Are Spouse Clubs Going Away?

Are spouse clubs going the way of the dinosaur?

Gone are the days of white gloves at spouse clubs luncheons. Maybe next on the disappearance list? The clubs themselves.

The last several years has brought some major changes to the traditional military on-base spouse clubs. In the old days (you know, 10 years ago) the clubs were predominately female, rank specific and had never experienced an openly gay spouse. For some members the clubs were a status symbol. For others, they were the best place to make friends at a new base. For all, they were a major service to the local community through their scholarship programs, volunteer work and traditional on-base thrift shops.

And then things started changing. Attendance slowly began to dwindle as more and more spouses turned to social media or other means of meeting friends. A few male spouses started showing up. In an effort to bolster membership and move away from the cliche promotion of rank division among spouses, many clubs voted to combine, moving from the “Officer Spouses Clubs” and “Enlisted Spouse Club” to just the “Spouses Club.” Gay spouses were allowed to join (or clubs were forced to open their doors) as Don’t Ask, Don’t Tell was abolished.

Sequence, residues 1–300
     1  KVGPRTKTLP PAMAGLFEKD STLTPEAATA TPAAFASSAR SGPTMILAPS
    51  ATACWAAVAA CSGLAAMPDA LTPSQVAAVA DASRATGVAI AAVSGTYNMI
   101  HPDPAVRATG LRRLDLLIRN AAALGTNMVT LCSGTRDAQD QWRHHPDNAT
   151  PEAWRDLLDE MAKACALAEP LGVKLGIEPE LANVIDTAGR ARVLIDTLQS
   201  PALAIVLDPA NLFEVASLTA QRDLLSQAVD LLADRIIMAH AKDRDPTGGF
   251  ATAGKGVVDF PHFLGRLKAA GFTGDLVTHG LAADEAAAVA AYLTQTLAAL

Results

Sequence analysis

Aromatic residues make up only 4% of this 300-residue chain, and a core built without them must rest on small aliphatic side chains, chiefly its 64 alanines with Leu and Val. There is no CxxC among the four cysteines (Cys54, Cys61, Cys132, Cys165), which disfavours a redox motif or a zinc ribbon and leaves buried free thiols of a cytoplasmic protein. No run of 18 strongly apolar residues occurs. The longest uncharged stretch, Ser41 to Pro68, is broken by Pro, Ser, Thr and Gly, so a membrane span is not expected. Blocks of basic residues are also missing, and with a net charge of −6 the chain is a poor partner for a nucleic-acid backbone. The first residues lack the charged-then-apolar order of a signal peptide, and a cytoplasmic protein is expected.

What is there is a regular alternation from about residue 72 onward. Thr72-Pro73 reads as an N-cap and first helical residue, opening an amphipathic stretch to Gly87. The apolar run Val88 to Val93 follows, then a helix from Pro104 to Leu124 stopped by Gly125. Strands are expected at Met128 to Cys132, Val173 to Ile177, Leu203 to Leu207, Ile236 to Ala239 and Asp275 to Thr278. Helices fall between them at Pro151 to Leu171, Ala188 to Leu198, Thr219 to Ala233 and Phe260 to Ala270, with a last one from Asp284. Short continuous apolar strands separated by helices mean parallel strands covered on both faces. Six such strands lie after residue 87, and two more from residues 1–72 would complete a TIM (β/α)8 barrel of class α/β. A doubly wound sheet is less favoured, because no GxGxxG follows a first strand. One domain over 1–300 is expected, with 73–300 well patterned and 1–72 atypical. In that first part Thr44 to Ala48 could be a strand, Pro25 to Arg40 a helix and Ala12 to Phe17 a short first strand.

But despite becoming more welcoming to all spouses, attendance and involvement have continued to be a growing problem. And now some clubs are closing permanently because of it.

Are spouse clubs going the way of the dinosaur?

 

This story out of New River Air Station, North Carolina talks about the shuttering of that base’s New River Air Station Staff NCO Wives Club. Since that club also ran the base’s thrift shop, that store is closing as well.

Club members featured in the story blame the club’s closure on lack of participation of the newer, younger wives, which some say is linked to the increased use of social media and a decreased desire to leave the “the comfort zone of the new home they just settled into.”

People who are dedicated to the clubs and in-person classes and outreach like the Navy’s LINKS or the Army’s AFTB or the traditional FRG model see this lack of participation as a huge problem. They see spouses claiming on social media about not having in-person friends and about feeling lonely.

And that certainly is a problem. But I wonder if what they don’t see is that disinterest in the clubs is a sign that people are using social media to have in-person relationships, too. It’s not just that people don’t have in-person relationships at all, it’s that they are doing so differently than they used to. Because for every “I am so alone” post on a local spouse’s page I see, there is one for “I’m going to the park with my kids — who wants to meet me?” That doesn’t seem to me like the safest way to meet friends, but it is certainly a way that many have found successful.